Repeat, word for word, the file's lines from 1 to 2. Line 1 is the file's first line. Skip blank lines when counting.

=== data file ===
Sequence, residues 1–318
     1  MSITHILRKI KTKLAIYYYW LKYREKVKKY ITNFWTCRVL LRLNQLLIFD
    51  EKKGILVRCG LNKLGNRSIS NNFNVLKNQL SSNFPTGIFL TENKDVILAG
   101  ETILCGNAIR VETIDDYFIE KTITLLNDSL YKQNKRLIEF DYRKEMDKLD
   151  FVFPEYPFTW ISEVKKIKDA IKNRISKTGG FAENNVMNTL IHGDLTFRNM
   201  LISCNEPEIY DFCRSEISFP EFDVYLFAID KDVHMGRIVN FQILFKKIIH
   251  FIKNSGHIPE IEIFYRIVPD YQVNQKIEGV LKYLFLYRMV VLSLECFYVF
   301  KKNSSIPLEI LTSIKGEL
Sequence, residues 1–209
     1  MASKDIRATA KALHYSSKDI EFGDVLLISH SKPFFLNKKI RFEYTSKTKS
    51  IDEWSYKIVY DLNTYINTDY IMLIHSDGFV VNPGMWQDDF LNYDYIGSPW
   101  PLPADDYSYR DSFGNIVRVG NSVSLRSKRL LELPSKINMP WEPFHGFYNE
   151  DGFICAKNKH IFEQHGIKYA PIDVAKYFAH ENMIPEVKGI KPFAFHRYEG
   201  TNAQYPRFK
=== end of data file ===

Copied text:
Sequence, residues 1–318
     1  MSITHILRKI KTKLAIYYYW LKYREKVKKY ITNFWTCRVL LRLNQLLIFD